March 12, 2016

Duke Rebounds in Big Way, Routs Loyola

by Gary Lambrecht | | Twitter | Lambrecht Archive

BALTIMORE — After watching his team play too carelessly during back-to-back losses last week to Harvard and Richmond, Duke coach John Danowski was curious to see how the eighth-ranked Blue Devils would respond to their next opponent.

By halftime in Saturday's clash with No. 7 Loyola, Duke essentially had delivered the answer Danowski wanted.

It was all Duke, which rolled to a 15-6 rout of the Greyhounds at the Ridley Athletic Complex.

Before 3,014 spectators, Duke senior midfielder Myles Jones looked once again like the dominant force he's been for three years, as he tied his career-high with five goals and eight points. Junior faceoff specialist Kyle Rowe continued his excellence in 2016 by stifling Loyola's offense with 19 wins out of 23 draws. Attackmen Justin Guterding and Jack Bruckner also finished with hat tricks, as Duke's crisp ball movement and deadly shooting translated to a 15-for-43 afternoon.

The Blue Devils (5-3) improved to 9-3 against Loyola under Danowski. Duke beat the Greyhounds (4-2) in Baltimore for the first time since 2010. And the Blue Devils earned their first signature win of the season with their old style and swagger.

"It's not [just] losing that makes you analytical. It's how you lose," Danowski said. "We [coaches] were somewhat surprised — and disappointed — at how our seniors performed [last week]. You need your students to have that sense of urgency."

The urgency abounded with the Blue Devils, who took the cues from Rowe and Jones in the first half and sprinted out to an 8-3 lead at halftime. The urgency showed in the second quarter, when Rowe, who took turns dominating Graham Savio and Mike Orefice, went 8-for-8. And it showed in the imposing form of the 6-feet-5, 240-pound Jones, who dodged and bulled his way into good shooting positions and made Loyola pay all day.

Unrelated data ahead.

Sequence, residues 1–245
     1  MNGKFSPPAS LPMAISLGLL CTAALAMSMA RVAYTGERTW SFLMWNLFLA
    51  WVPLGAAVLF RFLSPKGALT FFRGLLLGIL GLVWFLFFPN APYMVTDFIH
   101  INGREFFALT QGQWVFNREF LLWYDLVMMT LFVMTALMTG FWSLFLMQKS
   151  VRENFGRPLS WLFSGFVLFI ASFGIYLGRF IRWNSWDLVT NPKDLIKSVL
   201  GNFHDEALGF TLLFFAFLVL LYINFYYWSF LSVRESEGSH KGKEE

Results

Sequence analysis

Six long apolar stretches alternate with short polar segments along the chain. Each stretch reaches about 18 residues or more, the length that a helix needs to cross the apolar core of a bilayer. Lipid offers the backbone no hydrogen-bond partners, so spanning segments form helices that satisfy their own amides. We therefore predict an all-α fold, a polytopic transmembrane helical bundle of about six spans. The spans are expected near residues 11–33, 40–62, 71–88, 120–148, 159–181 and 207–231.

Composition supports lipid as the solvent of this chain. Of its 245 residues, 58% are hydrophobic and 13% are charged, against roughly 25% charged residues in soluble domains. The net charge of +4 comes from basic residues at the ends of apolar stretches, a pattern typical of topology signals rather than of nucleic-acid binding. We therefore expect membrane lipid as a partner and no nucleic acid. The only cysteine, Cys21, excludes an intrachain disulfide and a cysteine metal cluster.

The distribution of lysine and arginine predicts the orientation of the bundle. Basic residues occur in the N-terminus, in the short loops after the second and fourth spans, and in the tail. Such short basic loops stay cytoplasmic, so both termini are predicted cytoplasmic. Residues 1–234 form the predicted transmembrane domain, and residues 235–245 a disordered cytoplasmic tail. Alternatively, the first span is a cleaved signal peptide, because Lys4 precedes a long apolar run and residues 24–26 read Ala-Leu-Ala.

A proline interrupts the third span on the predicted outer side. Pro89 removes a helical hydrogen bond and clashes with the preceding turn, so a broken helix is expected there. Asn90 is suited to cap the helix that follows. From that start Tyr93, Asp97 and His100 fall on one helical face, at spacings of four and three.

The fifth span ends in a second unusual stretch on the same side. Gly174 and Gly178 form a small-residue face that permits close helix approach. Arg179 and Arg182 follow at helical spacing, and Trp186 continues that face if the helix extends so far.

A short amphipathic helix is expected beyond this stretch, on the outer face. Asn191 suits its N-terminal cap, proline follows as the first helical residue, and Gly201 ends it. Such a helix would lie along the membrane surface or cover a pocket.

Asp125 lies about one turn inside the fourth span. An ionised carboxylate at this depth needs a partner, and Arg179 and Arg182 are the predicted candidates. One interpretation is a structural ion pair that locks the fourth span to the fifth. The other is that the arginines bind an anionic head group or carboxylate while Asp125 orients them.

"I took advantage of a lot of space today," said Jones, who entered the contest with 10 goals and 13 assists. "There's always a sense of urgency when you're a senior, you've lost two games [in a row] and you look at the schedule and see how many games are left. Our backs were against the wall."

"The hard thing for Myles has been trying to live up to this 'Mr. Lacrosse' [label]," Danowski added. "He wants to deliver that. But it's hard."

Jones made it look easy — changing hands and directions, drawing double teams and finding open shooters, occasionally using a shoulder to create space easily, ripping shots from unpredictable angles.

"It's one thing to see a guy like Myles Jones on film and game-plan for him," said Loyola defensive midfielder Jared Mintzlaff, whom Jones bumped out of his path, before one of his two, second-quarter scores. "It's another thing to do it when you actually go against him. We knew what we were getting into with [Jones]."

Duke's faceoff specialist Kyle Rowe stifled Loyola's offense with 19 wins out of 23 draws.

Duke cleaned up its offensive game notably. After committing a combined 37 turnovers and failing on a combined 13 clears in the Harvard loss last Saturday and the Richmond stumble two days later, the Blue Devils were much sharper.

They went 11-for-14 on clears. They also turned the ball over only eight times while building a 12-4 lead after three quarters.

Loyola coach Charley Toomey lamented the Greyhounds' lack of possession time. Between that and Duke's ability to work the ball deep into Loyola's defense, it put too much pressure on the Greyhounds defense in general, and goalie Grant Limone in particular. He was pulled midway through the third quarter for Sam Beazell, after midfielder Deemer Class scored his first of two goals to give Duke an 11-3 lead.

"It was make-it-take-it for [Duke]," Toomey said. "It's tough on you defensively. We're a bend-but-don't-break team. Today, they broke us."

The Greyhounds, who never led, got two goals from freshman attackman Pat Spencer, but continued to have shooting problems. After entering the game shooting just 25 percent on the season, Loyola missed on 30 of 36 attempts. Only 13 shots were on goal. Senior attackman Zach Herreweyers went 0-for-5, with one shot on goal.

After Jones and Bruckner scored to give Duke a 3-1 lead at the end of the first quarter, the Blue Devils started to take the drama out of Ridley. Rowe was unstoppable in the faceoff circle. Loyola got a lift from Mintzlaff, who took a long feed from Limone after one of his eight saves and finished the fast break with a 13-yard runner that pulled the Greyhounds to within 5-3 with 4:55 left in the first half.

Then, Jones beat Mintzlaff to answer with his third goal. Bruckner and Guterding followed with goals that gave Duke an 8-3 lead at the break.

The Blue Devils pounced to start the second half. Jones went to his left hand and scored with 12:04 left in the third quarter. Guterding took a nice feed from Jones and finished to make it 10-3 with 10:09 left in the quarter. With 6:57 left in the third, Class took a feed from Case Matheis (two goals) and buried an eight-yarder, and the Greyhounds were done.

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